The authors of the original article have published their response to his letter, saying they had considered many of the studies mentioned by Kaptein, but decided against including them; they note that two of Kaptein’s studies mentioned in his letter hadn’t been published at the time they submitted their manuscript.

Here is the guideline on official EoCs issued by journals from the Committee on Publishing Ethics (COPE):

Journal editors should consider issuing an expression of concern (EoC) if: they receive inconclusive evidence of research or publication misconduct by the authors; there is evidence that the findings are unreliable but the authors’ institution will not investigate the case; they believe that an investigation into alleged misconduct related to the publication either has not been, or would not be, fair and impartial or conclusive; an investigation is underway but a judgement will not be available for a considerable time.

Even official editorial EoCs have not always strictly followed those guidelines — for instance, issuing these notices even for papers without research misconduct issues. Readers may recall a recent story where a publisher issued an EoC about a controversial paper claiming same-sex parenting put children at greater risk of depression and abuse. The journal issued the EoC despite a lack of evidence of misconduct, because critics had suggested the study suffered from methodological flaws and a neo-Nazi group cited the study in a homophobic poster put up in Minneapolis and Melbourne, Australia. And in June, Nature Methods added two editorial notices, including an EoC, to note “technical criticisms” surrounding a paper that suggested CRISPR gene editing in cells led to widespread, unpredicted consequences. Again, there were no suggestions that misconduct had taken place.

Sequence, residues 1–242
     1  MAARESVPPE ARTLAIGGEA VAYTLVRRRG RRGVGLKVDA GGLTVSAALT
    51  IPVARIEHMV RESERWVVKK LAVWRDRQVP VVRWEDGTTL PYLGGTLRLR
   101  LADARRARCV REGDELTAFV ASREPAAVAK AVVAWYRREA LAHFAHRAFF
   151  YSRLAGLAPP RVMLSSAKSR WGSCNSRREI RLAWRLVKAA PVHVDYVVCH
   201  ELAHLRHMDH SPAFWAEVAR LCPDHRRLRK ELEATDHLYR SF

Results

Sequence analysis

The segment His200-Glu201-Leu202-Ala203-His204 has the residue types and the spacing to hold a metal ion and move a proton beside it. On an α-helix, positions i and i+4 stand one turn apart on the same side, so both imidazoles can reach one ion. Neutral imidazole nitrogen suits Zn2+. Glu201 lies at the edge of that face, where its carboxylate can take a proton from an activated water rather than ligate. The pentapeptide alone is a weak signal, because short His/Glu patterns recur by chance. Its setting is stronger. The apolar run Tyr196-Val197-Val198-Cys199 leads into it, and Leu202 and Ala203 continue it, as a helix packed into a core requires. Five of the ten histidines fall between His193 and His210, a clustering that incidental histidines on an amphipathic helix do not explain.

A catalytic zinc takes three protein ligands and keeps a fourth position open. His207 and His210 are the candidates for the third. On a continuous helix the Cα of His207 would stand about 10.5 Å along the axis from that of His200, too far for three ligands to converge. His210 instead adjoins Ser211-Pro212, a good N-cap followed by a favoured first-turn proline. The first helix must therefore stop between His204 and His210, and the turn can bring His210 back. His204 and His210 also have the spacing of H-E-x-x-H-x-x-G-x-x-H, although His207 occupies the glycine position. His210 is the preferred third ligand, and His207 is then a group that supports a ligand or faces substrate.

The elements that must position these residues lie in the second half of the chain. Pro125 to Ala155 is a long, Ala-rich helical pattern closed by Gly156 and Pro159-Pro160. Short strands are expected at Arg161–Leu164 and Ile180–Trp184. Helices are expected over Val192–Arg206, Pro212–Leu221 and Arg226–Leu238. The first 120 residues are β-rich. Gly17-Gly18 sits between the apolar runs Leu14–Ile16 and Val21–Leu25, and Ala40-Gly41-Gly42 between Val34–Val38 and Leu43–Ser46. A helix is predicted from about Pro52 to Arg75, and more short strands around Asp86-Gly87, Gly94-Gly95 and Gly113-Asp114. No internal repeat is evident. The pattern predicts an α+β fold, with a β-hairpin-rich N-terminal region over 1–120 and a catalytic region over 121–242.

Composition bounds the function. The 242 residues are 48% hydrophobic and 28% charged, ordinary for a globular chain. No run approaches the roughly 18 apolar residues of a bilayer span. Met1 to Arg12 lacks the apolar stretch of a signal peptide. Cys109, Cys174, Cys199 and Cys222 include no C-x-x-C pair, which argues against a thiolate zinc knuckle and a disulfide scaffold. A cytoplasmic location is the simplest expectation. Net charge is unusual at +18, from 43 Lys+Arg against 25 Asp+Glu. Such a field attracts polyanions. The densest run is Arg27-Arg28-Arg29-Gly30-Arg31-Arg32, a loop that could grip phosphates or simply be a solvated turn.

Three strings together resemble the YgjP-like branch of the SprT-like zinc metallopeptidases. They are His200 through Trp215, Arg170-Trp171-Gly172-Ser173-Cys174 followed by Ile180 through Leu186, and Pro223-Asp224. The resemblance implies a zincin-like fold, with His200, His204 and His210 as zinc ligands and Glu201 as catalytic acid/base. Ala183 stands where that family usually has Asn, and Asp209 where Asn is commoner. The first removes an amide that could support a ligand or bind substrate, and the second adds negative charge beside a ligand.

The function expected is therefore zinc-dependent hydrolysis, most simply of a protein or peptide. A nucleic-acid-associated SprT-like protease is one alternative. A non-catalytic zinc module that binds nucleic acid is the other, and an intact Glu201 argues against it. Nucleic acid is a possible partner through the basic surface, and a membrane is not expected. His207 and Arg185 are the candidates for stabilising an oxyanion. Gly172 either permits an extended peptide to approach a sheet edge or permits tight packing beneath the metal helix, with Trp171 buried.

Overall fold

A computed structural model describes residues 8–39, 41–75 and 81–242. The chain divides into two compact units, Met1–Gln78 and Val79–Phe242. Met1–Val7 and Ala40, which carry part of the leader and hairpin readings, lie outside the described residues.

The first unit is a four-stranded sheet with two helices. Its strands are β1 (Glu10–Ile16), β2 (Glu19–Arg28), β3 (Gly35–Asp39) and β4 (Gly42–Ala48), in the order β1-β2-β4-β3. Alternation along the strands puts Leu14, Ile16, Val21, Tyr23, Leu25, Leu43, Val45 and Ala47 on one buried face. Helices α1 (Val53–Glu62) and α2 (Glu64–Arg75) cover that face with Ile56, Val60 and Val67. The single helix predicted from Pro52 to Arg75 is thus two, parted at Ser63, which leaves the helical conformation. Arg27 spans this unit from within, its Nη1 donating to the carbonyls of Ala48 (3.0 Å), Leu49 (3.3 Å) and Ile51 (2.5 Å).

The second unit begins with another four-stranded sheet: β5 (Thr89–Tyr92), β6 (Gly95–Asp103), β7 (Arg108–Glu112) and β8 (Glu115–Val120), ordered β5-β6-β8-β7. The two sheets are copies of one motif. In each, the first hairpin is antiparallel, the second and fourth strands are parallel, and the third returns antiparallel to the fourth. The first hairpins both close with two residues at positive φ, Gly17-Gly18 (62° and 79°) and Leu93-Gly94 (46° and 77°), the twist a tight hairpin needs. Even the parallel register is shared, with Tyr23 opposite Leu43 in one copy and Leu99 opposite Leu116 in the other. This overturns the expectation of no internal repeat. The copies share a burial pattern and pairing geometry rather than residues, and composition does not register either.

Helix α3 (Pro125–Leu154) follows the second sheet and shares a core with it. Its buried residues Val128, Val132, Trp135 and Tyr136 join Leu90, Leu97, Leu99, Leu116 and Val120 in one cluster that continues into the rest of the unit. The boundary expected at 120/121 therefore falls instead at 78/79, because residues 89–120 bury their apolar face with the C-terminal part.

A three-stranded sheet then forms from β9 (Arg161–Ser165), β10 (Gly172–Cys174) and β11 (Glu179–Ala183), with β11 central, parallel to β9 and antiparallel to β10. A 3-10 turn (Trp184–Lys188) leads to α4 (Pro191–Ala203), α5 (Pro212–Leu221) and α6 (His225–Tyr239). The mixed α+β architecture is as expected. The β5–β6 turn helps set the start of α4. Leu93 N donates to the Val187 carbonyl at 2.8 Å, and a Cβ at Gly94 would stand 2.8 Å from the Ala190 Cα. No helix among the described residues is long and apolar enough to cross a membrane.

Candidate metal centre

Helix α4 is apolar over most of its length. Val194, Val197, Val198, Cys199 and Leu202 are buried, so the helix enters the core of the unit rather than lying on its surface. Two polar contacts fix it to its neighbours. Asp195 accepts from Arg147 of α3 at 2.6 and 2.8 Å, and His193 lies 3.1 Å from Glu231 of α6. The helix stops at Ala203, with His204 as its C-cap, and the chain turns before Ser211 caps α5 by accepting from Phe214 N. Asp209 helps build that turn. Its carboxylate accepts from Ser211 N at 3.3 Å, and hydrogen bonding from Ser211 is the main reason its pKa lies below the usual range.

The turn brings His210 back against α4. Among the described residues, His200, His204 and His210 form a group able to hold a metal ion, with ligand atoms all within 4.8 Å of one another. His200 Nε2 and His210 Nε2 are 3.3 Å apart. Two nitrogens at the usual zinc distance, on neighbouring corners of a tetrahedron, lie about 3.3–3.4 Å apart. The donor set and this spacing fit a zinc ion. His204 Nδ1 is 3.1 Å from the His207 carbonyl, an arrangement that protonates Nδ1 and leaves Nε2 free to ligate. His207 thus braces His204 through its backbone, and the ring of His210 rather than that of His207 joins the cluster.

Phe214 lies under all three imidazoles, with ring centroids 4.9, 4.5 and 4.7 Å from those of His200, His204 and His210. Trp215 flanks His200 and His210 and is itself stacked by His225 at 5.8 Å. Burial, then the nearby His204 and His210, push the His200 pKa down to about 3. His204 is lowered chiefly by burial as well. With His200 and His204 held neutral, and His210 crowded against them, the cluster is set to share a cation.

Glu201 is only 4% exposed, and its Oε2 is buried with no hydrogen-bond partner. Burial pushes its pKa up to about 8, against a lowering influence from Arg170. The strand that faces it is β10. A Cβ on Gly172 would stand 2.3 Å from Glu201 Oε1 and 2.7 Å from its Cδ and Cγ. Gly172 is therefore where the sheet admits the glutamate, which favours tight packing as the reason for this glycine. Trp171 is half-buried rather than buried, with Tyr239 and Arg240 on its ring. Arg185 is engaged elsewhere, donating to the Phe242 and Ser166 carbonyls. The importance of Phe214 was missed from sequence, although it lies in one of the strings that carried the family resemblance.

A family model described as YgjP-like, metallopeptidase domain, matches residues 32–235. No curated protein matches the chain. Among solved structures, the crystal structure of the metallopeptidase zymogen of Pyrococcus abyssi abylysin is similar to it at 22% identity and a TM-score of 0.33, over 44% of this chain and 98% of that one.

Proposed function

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Written by Andrew P. Han

September 28th, 2017 at 11:10 am

Comments
  • Alan R. Price September 29, 2017 at 4:56 pm

    See recent research article: “Concern noted: a descriptive study of editorial expressions of concern in PubMed and PubMed Central,” by Melissa Vaught, Diana C. Jordan, and Hilda Bastian, Research Integrity and Peer Review (2017) 2:10, DOI 10.1186/s41073-017-0030-2
    available at https://researchintegrityjournal.biomedcentral.com/track/pdf/10.1186/s41073-017-0030-2?site=researchintegrityjournal.biomedcentral.com

  • Rfg September 30, 2017 at 8:21 am

    ARP,

    Thank you for the tip re. this paper.

    EoC are definitely underutilized.

    I believe that COPE should provide clear guidance indicating that EoC are issued for ethical concerns.

    Also current guidance that EoC can be issued without author input is important.

    This can drive correction of the literature, which is an urgent issue in today’s climate.

    Editor’s notes should be created as a separate and distinct category and should be reserved for non ethical issues.